circuit through at least 1942. They were
listed in 1940-41 as part of the Chautauqua talent
program for the "Brown Lyceum Bureau" of St. Louis,
Click HERE for more
information and Library of Congress Fraunfelder posters from
the Chautauqua Circuit.
1939 and in early 1940, the Fraunfelders made multiple
appearances at concerts and dances sponsored by Swiss
organizations along the coast of the Western United
States including San Diego, San Francisco, Tacoma and Seattle, Wash.,
Portland, Ore. The San Diego County Swiss Club was a stop for the Fraunfelders on Dec.
8, 1939. At that point, the group performed a number of waltz and folk
tunes from Switzerland followed by a skit and "sound" films that Papa used
to promote the Swiss-based Red Cross. These may have been components of
the program they used on the Chautauqua Circuit. They
played in some halls that are still standing and quite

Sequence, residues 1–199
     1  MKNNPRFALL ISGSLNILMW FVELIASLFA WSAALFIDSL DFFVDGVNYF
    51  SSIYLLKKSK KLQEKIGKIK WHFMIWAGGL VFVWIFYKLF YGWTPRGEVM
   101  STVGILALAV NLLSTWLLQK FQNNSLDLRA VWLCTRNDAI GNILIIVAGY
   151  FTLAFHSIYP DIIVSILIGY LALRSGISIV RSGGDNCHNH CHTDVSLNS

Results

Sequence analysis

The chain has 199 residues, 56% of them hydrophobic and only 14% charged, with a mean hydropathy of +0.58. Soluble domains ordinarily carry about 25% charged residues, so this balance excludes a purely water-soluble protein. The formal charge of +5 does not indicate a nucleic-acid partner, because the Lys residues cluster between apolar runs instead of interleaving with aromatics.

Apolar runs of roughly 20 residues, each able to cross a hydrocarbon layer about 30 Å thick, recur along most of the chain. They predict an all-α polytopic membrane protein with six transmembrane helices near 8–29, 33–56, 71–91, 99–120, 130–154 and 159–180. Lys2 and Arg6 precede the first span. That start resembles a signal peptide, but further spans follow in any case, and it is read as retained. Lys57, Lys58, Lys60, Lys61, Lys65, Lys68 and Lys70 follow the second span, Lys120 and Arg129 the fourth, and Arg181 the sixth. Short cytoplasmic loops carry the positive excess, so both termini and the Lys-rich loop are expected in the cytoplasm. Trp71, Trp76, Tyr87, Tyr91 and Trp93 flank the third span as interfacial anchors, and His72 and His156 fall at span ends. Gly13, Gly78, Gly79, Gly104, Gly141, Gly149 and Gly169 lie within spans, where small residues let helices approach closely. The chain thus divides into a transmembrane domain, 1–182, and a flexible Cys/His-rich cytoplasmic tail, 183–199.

historically significant. California Hall in San
Francisco hosted some of the first gay rights events of
the 1960s and is the home of the California Culinary
Academy. Swiss Hall in Tacoma is now a pub and
restaurant on the campus of University of
Washington-Tacoma. They entertained at the
historic Masonic Lodge that became Seattle's Egyptian
Theater. San Diego's Germania Hall, no longer standing,
was the location of many labor and ethnic group
meetings. Click HERE
for more information on the Fraunfelder tour of Swiss
clubs where they also performed with local Swiss vocal
The family spent the 1940s on concert tours throughout the U.S. and
Canada and participated in USO tours for World War II troops and
had hundreds of performances at Veterans Hospitals.
They also often performed at service clubs, schools,
and small concert halls. Their program during this
era sometimes included slides and movies of